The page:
The first approach in this review to obtain relative risks of mortality for IUGR infants, was to locate birthweight-specific data for countries with a high prevalence of LBW and to assume these reflect IUGR births. Their relative risks of neonatal and postneonatal death within each 500 g birthweight-interval (Tables 2 and 4) were less consistent than the levels of risk seen for countries where most LBW births can be presumed preterm (Tables 1 and 3). There are several possible reasons for this. First, methodological weaknesses, particularly in sample size and representativeness, could have masked the true level of risk. Second, the differing aetiologies of IUGR among countries may be associated with different postnatal risks. Evidence to support this possibility is seen in the apparently differential mortality risks of wasted vs stunted LBW infants. If IUGR infants are more heterogeneous than preterm infants, a less consistent level of risk among populations might be expected. Third, patterns of disease may vary among countries. For example, if the peak age for diarrhoea is 1-5 months in country A, but 60-11 months in country B, then the relative risk of postneonatal diarrhoeal death among IUGR infants is likely to be higher in country A (as younger, lighter infants are more likely to die than older, heavier infants). Different patterns of disease having different case-fatalities could also give rise to varied relative risks. The race differentials seen in the USA serve as an illustration. Black LBW infants have lower birthweight-specific neonatal mortality rates than white LBW infants because they are less likely to have congenital anomalies and respiratory distress syndrome (Sappenfield et al, 1987).

The second approach to ascertain birth-weight-specific mortalities for IUGR infants by identifying studies where gestational ages were specified, revealed levels of risk similar to those obtained by the first approach. All the studies were from the USA. One might have anticipated different levels of risk between developed and developing countries as congenital anomalies are frequently associated with IUGR in the former (McCormick, 1985), in contrast to the situation in developing countries (Rao and Inbaraj, 1978). Since the two approaches gave similar estimates of risk, the data sets were combined and median risk ratios for IUGR infants derived (Table 10). These may be used to estimate the impact on mortality of interventions to reduce IUGR.

Although eight studies from developing countries were located regarding LBW and morbidity, in only one were preterm infants excluded and confounding variables controlled (Lira et al, 1996). In this study, an increased risk of diarrhoea, but not cough, was found in LBW infants compared to infants weighing 3000-3499 g. The sample size had insufficient power to detect a difference in pneumonia morbidity. The other studies located are consistent with there being increased risks of diarrhoea and lower respiratory tract infections in IUGR infants. An increased risk of mortality and morbidity in LBW infants compared to ABW infants is biologically plausible because their immune function is severely compromised (Chandra, 1981). This impairment is particularly marked in IUGR infants.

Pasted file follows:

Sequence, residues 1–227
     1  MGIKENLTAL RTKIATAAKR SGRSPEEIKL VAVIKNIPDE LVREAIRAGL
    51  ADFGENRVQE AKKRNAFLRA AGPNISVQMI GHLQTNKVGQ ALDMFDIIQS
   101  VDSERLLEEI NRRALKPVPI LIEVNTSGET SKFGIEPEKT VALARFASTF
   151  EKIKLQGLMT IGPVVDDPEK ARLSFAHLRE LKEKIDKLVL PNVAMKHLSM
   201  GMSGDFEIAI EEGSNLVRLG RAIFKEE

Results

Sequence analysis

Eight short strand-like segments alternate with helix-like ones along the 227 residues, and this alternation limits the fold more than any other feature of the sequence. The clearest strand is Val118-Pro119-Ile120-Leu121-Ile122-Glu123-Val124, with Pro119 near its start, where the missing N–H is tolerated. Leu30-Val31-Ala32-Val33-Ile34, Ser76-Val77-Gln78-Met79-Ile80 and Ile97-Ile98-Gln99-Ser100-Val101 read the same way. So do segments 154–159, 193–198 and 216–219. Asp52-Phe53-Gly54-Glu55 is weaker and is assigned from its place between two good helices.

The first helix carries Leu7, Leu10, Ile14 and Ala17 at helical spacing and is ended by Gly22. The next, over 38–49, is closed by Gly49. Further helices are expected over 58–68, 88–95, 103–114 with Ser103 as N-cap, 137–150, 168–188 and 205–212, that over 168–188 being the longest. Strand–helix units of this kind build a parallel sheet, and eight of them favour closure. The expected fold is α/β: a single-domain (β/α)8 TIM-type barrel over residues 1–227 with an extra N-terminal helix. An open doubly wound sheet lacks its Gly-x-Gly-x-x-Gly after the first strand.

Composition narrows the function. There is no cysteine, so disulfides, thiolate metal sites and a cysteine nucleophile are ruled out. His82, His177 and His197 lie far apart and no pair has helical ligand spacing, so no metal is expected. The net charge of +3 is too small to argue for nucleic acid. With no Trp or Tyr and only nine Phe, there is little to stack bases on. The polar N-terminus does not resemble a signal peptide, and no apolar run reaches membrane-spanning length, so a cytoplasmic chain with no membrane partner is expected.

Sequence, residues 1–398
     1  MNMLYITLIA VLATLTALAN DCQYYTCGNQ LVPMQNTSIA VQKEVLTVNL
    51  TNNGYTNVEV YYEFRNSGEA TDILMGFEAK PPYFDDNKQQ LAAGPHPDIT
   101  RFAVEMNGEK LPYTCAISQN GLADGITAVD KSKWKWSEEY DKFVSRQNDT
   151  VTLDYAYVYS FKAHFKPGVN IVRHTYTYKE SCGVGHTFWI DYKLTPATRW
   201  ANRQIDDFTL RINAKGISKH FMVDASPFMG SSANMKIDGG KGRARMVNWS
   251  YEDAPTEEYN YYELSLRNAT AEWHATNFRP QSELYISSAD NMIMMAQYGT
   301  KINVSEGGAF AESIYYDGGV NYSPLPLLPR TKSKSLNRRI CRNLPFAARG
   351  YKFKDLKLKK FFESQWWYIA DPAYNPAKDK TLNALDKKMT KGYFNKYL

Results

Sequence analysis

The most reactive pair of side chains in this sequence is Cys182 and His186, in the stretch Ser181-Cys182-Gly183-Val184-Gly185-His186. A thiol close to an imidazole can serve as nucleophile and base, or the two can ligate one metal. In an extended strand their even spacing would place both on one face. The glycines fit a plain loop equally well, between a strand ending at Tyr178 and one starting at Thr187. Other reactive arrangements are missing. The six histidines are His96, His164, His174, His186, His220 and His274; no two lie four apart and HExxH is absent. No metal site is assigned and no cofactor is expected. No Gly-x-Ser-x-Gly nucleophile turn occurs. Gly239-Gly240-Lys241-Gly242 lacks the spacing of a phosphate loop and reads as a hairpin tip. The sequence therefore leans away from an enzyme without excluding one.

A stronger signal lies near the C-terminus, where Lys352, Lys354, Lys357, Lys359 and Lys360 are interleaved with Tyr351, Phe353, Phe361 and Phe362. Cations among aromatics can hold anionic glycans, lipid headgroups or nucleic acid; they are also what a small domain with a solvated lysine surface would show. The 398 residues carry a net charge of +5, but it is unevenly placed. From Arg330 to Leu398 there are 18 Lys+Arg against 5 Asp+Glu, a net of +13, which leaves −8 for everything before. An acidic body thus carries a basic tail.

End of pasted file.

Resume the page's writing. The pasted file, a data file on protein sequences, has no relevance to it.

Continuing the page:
Few studies have examined the differential effects of birth dimensions on mortality and morbidity. Indications are that wasted LBW newborns experience more morbidity than stunted newborns in the first weeks of life, whereas stunted LBW infants experience higher mortality. Caution is required in interpreting the mortality data, however, as infants with congenital anomalies are often included. No data were located for the postneonatal period. It is quite plausible for wasted infants to have higher risks than stunted infants in neonatal morbidity, but lower risks later because wasted infants tend to correct their body fat deficits etc whereas stunted infants tend not to 'catch-up' and have continued impaired immunocompetence. Stunted infants might therefore be expected to have higher rates of infectious disease than wasted infants.

Because of the possible differential effects of birth dimensions on mortality and morbidity, infants should be characterised by birth length z-score and ponderal index in future studies involving LBW or IUGR infants. Further studies, using rigorous methodologies, are required, particularly of postneonatal mortality and morbidity. Such studies will require large numbers of infants to be recruited, especially for relatively infrequent outcomes such as mortality or pneumonia morbidity. Intensive follow-up is required for common morbidities such as diarrhoea. Studies are required in different settings to determine whether there is a consistent level of risk across populations among stunted infants, and whether this differs for infants who are wasted.

Table 10. Estimated relative risks of neonatal and postneonatal mortality for IUGR infants

Birthweight (g)

Neonatala

Postneonatalb

1500-1999

18.0

5.0

2000-2499

4.0

2.0

2500-2999

1.0

1.0

3000-3499

0.4

0.5

3500+

0.3

0.5

a median of 10 studies (Tables 2 and 5)
b median of 5 studies (Tables 4 and 6)